SALT LAKE CITY — Upon entering the theater at Pioneer Theater Company, the audience could be forgiven for wondering if they’d come to the wrong place. The stage appears dusty from neglect, covered with old lighting trees and props, sand bags and discarded scenery litter the stage. Rather than the breathless anticipation of an evening filled with song and dance about Christmas, there is an air of abandonment about the place. According to director Karen Azenberg‘s program note, the setting of It Happened One Christmas (conceived by Azenberg and Kenneth Jones) is “a shuttered old vaudeville house in downtown Salt Lake City, a place that might support multiple musical styles inspired by decades and decades of entertainment.” Indeed, the evening’s entertainment certainly drew on a century’s worth of Christmas songs, stories, dances, and traditions. there is something for everyone in this “extravaganza-style revue,” and if it leans heavily toward the family-friendly side of the potential audience, at least there is nothing to offend anyone in the audience, “kids, from 1 to 92.”
The selections of songs run the gamut, from old classics such as “The Christmas Song” and “Holly Jolly Christmas,” to newer takes on more familiar tunes, such as a beat box version of “Dance of the Sugar Plum Fairies” and a hip hop version of “Joy to the World” (which I didn’t think worked particularly well, though it was my nine-year-old theatre companion’s favorite). The evening also included a few songs I had never heard before, such as “Christmas” and “The Gift,” sung as solos by Maximillian Sangerman and Amanda Rose, respectively, with great heart and emotion. The opening number, called “Sparklejollytwinklejingley,” hails from a new Christmas favorite, Elf the Musical, and set the tone of the show as the “ghosts of performers past” tidied up and decorated the old stage in preparation for “something wonderful” that they’re hoping will happen before the night is through.
Not everything to do with the revue was a song to be sung, however. Interspersed among the high energy vocal offerings were readers’ theatre versions of “‘Twas the Night Before Christmas” told by various groupings of parents to their respective children. There was also a re-enactment of “Yes, Virginia, There is a Santa Claus,” the famous letter written by a little girl to the editor of the New York Sun newspaper, asking for his definitive answer to the age-old question of whether Santa Claus exists. There was even a recitation of the birth of Jesus Christ in a stable in Bethlehem, as found in the New Testament.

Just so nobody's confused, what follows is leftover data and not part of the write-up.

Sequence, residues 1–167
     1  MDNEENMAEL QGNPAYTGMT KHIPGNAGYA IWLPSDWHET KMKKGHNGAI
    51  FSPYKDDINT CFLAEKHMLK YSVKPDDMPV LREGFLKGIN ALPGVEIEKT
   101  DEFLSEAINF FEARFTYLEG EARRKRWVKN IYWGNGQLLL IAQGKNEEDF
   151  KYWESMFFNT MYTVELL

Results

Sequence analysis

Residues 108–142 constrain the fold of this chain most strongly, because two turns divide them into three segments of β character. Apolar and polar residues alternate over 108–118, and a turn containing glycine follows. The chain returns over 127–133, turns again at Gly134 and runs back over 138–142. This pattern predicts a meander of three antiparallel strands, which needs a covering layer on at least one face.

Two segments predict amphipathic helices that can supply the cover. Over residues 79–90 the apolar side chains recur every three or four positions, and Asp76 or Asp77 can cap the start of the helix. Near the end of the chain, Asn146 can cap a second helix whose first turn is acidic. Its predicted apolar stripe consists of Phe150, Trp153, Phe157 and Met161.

Azenberg certainly knows how to stage a huge holiday spectacle, but she is also an accomplished choreographer, as evidenced by two all-dance numbers included in the program. The familiar tune “Linus and Lucy” (from A Charlie Brown Christmas) accompanied a group of dancers playing in the snow with huge snowballs and a snowman who comes to life, and the aforementioned beat box version of the “Dance of the Sugar Plum Fairies” was staged as a giant sleepover. Both were well-done and very entertaining, pieces of choreography.
The cast was roughly split up into three groups of performers: the adults/parents/various grown ups who seemed to be mostly singers, led by Howard Kaye as the erstwhile stage manager; a group of young adults who bore the task of most of the heavy dance numbers; and an ensemble of 10 children who brought in the kid-friendly component. The children’s ensemble was represented most often by Mila Belle Howells, who interacted with Howard the most and got a lot of mileage out of tyrannically stomping around the stage and yelling about sponsors and time constraints. Cute little girl, not a very cute character.
Vocally, music director/conductor Tom Griffin did an impressive job with this cast. They sang in beautiful harmony, in a variety of vocal and choral styles. Every cast member was strong and confident in their parts. As a special homage to Salt Lake City, the lyrics to “Here We Come a Caroling” were rewritten specifically for the local audience, making mention of many popular Utah tourist spots. Another stand out aspect of the production was the seemingly unending stream of elaborate sets and costumes that continued to parade out of the wings with every new scene. Scenic designer George Maxwell pulled out all the stops. Each set was bigger and more grand than the last, and I completely lost count of the number of Christmas trees used onstage: large trees, small trees, decorated trees, snow covered trees , little ones and a 30 footer that rose from the floor. Costume design by K. L. Alberts kept pace with the size and scale of the sets. Each scene was color-coordinated and appropriate to the time period of the piece. It is clear that no expense was spared in this Christmas revue.
As described at intermission by the audience member seated behind me, this production plays “like a Hallmark Christmas card with a soundtrack.” It Happened One Christmas is wrapped with bright paper and tied up with a giant tinselly bow. Local audiences will enjoy it, as long as they aren’t looking for anything too deep or profound. It is simply a feel-good, brightly lit, greeting card of a show, appropriate for families of all ages. Bring along your singing voices for an interlude of audience participation, and keep your eyes peeled for that “special something” that just might appear before the end of the night.
Merry Christmas to all and to all a good night, indeed.